SUMMARY PARAGRAPH for QCR10
The cytochrome bc1 complex (also known as ubiquinol:cytochrome c oxidoreductase, ubiquinol:ferricytochrome c oxidoreductase, and respiratory complex III) is a highly conserved enzyme of the mitochondrial respiratory chain (reviewed in 3). In S. cerevisiae it consists of three catalytic subunits, Cobp, Rip1p, and Cyt1p, plus seven additional subunits: Cor1p, Qcr2p, Qcr6p, Qcr7p, Qcr8p, Qcr9p, and Qcr10p (3, 1). The crystal structure of the complex shows that two functional units, each containing these ten subunits, associate with each other in the mitochondrial inner membrane (4). Assembly of a functional complex requires two proteins, Cbp3p and Cbp4p, that are not components of the complex but may associate with it during assembly (5). It also requires Bcs1p, an AAA-family ATPase that interacts with a precursor of the complex to mediate incorporation of the Rip1p and Qcr10p subunits (6). The mechanism of energy transfer by the complex, known as the protonmotive Q cycle, has been studied in detail (reviewed in 3). The net result of the Q cycle is the stepwise transfer of an electron through the complex from ubiquinol to cytochrome c (Cyc1p), coupled with the translocation of a proton across the mitochondrial inner membrane (3). The function of the cytochrome bc1 complex is essential to the energy-generating process of oxidative phosphorylation, which is carried out by the enzyme complexes of the mitochondrial respiratory chain.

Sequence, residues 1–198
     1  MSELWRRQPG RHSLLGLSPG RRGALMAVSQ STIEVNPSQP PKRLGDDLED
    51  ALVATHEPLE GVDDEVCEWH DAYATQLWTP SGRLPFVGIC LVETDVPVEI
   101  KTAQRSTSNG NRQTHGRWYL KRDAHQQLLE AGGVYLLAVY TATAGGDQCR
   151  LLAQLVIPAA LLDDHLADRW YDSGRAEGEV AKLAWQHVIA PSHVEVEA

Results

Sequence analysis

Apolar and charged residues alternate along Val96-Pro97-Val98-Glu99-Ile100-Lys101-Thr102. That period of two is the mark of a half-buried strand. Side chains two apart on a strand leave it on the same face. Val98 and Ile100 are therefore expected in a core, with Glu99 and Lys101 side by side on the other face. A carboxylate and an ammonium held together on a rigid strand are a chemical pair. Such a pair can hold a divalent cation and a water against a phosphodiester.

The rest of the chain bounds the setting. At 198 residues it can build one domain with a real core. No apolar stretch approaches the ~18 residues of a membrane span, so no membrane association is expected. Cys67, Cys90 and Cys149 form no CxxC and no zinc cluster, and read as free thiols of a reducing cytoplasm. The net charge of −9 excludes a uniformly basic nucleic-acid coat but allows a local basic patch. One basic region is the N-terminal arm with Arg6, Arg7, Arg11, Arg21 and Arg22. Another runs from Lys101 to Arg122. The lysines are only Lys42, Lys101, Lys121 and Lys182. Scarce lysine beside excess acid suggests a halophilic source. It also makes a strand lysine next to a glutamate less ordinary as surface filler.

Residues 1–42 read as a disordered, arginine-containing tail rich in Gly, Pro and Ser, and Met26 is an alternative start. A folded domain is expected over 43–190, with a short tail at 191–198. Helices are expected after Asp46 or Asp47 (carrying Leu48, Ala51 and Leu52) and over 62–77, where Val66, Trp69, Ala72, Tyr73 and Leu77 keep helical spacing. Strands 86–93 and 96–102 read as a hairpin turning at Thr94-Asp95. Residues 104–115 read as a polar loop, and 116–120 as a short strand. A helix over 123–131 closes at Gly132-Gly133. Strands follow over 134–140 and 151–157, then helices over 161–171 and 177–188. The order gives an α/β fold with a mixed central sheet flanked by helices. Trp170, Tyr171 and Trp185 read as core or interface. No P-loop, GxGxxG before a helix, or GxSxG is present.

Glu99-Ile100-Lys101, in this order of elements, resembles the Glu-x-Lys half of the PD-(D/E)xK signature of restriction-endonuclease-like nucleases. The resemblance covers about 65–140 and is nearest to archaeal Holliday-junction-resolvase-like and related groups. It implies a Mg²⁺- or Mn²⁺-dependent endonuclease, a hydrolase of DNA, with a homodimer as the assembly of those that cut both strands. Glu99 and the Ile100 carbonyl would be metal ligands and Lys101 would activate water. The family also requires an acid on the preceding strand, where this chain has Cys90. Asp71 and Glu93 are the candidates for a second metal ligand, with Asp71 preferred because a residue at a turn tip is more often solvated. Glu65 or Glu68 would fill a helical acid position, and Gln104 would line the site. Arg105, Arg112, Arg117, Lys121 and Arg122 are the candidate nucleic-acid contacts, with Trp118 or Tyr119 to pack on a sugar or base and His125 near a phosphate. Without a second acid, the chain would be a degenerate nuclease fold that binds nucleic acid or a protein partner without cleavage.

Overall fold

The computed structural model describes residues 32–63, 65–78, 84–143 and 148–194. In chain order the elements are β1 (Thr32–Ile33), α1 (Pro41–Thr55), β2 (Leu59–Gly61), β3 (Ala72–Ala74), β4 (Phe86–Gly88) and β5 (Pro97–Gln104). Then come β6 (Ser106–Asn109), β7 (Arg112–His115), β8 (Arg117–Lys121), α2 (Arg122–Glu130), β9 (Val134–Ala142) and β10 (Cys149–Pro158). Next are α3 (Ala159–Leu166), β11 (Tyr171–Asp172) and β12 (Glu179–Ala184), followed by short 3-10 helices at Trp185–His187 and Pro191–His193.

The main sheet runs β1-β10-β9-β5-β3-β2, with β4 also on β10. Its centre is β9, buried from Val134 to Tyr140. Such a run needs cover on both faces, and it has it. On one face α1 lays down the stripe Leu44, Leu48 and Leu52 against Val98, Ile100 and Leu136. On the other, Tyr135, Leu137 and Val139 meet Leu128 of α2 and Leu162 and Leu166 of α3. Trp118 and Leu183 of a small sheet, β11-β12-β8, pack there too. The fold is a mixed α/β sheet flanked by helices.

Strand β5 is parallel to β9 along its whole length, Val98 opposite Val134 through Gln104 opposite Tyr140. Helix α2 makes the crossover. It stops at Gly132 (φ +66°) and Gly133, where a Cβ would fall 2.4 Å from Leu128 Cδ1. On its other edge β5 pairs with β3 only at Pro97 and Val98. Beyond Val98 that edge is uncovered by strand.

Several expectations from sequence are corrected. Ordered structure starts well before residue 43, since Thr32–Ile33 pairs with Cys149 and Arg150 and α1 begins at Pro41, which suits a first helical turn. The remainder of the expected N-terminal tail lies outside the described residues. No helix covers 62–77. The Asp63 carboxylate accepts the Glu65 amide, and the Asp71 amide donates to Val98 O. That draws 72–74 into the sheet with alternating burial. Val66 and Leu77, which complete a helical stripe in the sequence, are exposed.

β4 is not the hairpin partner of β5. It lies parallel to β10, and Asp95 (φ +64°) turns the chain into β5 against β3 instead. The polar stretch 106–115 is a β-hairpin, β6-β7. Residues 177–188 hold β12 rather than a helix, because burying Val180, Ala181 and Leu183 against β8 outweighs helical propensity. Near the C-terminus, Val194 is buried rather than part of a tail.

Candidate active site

Qcr10p is a small subunit of the cytochrome bc1 complex (8.5 kDa) that is the last subunit to be assembled into the complex; its assembly requires the prior incorporation of the catalytic subunit Rip1p (6). Qcr10p is not required for respiratory growth, since the qcr10 null mutant is able to respire, but the qcr6 qcr10 double null mutant lacking two subunits of the cytochrome bc1 complex displays a synthetic respiratory growth defect (1). The qcr10 null mutation causes a reduction in detectable cytochrome bc1 activity, even though the effect is not strong enough to be observed as a respiratory growth phenotype (1). In addition, the stability of the complex in the qcr10 null mutant is apparently lower than in wild type, since most of the catalytic Rip1p subunit is lost from the complex during purification under conditions where the wild-type enzyme remains intact (1). QCR10 is conserved in other eukaryotes (7), and is the ortholog of human UCQR (OMIM).
Last updated: 2007-07-26